Albania’s Law on Cultural Heritage was amended in 2005/6 to include articles directly concerning safeguarding intangible cultural heritage, specifying the institutional tasks and actions required for its protection. The national body charged with safeguarding of intangible cultural heritage is the Cultural Heritage Department of the Ministry of Culture, Tourism and Sports (MoCTS), whose seven experts include two responsible for living heritage. The National Committee for Intangible Heritage was established in 2006, chaired by the Minister of Culture and comprising nine members from different scientific institutions, covering all the main domains of ICH. The National Centre for Folkloric Activities (also under the Ministry) is responsible for the promotion and safeguarding of intangible values.
The Centre for Albanian Studies is the main ICH documentation institution and the Institute of Anthropology and Study of Arts also holds some relevant documentation. Various museums are also involved in documentation activities related to their own ethnographic collections, including the National Historic Museum (in Tirana), the Ethnographic Museum (in Berat), the Ethnographic Museum (in Shkoder), the Ethnographic Museum (in Kruje) and the Ethnographic Museum (in Vlore). Since 2011, the National Centre for the Inventory of Cultural Properties has been designing software for a database dedicated to ICH to store all the data various institutions have compiled so far.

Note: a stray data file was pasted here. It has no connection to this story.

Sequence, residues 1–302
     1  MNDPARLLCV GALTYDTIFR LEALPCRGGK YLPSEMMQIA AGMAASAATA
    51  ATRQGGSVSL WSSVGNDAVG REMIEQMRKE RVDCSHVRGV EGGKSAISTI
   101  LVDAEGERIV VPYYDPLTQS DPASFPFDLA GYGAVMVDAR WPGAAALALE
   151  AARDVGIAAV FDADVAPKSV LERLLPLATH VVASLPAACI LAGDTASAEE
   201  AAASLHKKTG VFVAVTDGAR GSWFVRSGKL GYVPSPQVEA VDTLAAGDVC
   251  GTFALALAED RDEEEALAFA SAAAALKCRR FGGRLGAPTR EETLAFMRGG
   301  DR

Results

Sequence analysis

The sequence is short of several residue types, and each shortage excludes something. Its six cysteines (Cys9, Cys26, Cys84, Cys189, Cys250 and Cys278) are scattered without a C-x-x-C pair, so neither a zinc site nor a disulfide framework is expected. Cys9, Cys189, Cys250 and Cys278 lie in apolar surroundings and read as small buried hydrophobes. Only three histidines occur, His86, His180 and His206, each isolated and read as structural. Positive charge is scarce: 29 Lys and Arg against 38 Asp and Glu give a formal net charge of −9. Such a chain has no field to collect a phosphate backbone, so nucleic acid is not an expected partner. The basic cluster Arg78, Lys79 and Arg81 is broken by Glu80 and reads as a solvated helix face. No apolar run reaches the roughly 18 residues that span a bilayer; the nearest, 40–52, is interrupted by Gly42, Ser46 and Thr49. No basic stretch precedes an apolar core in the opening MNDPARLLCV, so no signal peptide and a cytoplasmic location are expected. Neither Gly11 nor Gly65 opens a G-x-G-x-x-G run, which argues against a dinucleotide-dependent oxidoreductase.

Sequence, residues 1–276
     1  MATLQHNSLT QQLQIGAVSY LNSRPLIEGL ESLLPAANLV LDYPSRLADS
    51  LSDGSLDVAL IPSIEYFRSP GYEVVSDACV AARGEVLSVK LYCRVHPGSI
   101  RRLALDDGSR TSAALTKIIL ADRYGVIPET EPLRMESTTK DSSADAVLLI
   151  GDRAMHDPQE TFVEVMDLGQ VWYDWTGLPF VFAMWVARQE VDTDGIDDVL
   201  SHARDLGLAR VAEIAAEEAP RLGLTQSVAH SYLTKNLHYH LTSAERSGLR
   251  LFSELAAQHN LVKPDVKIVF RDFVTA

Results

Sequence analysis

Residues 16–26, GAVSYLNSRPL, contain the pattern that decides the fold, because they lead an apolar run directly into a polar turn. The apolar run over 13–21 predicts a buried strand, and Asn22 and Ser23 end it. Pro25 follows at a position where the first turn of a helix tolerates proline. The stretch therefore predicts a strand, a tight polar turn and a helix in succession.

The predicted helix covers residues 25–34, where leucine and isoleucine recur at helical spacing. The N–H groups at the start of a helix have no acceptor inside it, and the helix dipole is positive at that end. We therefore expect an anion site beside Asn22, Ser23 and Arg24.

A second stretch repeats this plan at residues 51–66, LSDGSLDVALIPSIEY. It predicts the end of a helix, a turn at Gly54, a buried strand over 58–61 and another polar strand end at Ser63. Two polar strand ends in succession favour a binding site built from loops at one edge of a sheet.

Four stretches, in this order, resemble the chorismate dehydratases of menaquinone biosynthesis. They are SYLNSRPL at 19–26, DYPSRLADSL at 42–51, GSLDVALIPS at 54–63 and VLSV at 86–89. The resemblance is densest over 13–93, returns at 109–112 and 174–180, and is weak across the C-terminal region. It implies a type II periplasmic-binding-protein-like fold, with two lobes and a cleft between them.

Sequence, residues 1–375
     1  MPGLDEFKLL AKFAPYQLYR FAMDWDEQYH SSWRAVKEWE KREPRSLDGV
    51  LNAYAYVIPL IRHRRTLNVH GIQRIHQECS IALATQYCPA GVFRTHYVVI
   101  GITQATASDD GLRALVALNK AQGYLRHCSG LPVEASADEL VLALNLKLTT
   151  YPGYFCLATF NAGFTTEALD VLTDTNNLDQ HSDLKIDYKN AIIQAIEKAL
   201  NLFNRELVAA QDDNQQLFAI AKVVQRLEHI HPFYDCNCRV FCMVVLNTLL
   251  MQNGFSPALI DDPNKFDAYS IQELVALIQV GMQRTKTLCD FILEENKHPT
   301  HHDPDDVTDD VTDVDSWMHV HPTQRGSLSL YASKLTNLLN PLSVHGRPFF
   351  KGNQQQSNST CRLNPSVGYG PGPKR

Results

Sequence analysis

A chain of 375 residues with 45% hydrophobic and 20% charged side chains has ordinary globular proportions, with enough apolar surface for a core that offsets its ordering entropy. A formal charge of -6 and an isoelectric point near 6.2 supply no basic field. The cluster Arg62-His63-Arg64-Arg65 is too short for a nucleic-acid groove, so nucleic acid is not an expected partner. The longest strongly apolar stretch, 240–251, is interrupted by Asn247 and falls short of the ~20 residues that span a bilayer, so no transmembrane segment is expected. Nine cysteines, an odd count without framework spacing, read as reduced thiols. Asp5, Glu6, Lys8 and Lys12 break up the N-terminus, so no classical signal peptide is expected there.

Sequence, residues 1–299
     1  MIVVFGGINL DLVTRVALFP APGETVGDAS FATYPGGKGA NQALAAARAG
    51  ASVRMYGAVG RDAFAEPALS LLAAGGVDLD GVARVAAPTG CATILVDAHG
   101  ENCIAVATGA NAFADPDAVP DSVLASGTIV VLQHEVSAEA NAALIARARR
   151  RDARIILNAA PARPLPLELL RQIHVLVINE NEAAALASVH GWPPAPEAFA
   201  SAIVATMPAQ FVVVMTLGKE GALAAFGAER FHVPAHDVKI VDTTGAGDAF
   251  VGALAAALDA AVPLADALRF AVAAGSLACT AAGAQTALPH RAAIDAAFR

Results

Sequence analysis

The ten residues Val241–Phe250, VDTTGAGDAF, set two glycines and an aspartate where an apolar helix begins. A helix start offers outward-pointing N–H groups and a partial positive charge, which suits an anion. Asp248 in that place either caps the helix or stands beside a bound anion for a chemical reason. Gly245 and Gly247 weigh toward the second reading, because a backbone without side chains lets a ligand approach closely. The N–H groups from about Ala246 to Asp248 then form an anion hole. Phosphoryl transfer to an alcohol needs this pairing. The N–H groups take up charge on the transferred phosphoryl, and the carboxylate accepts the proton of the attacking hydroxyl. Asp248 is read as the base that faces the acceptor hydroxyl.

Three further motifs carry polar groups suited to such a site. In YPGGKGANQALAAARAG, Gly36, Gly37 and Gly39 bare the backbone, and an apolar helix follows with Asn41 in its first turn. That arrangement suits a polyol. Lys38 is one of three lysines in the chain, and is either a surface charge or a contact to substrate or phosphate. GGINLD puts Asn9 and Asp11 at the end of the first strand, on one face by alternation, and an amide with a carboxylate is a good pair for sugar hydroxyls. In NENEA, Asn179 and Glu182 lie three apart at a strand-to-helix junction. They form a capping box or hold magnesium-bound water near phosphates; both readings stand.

The Law on Cultural Heritage requires all public institutions to draw up inventories of cultural heritage (including intangible heritage). In 2010, the National Committee for Intangible Heritage proclaimed the first seven elements on a National List of intangible cultural heritage. Work has begun by the Institute of Anthropology and Art Studies and the National Centre for Inventory of Cultural Properties to create computerized entries for these seven elements. Communities and bearers usually collaborate with the experts that collect the data in the field and are also involved in related research projects. The criteria used for inclusion of intangible cultural heritage in the inventory are the following: the element belongs to one or more categories of intangible heritage; the community has identified the element as part of its cultural heritage; the element contributes to the diversity of the ICH in the List; the element belongs to specific categories of people such as minorities, ethnic groups etc.; and the element is in danger of disappearance. Hence, the inventory takes into account the viability of intangible cultural heritage and the potential risk of its disappearance. The List is updated when a new intangible heritage element is inscribed; any revision of information on previously inscribed elements is decided case-by-case. If any changes occur to the element, the bearers are to notify the experts (ethnologists and others) who then forward this information to the Ministry; or the bearers may notify the Ministry directly. Until now, the Albanian National Music Council is the sole non-governmental organization that has successfully completed inventorying activities (on iso-polyphonic singing and its bearers).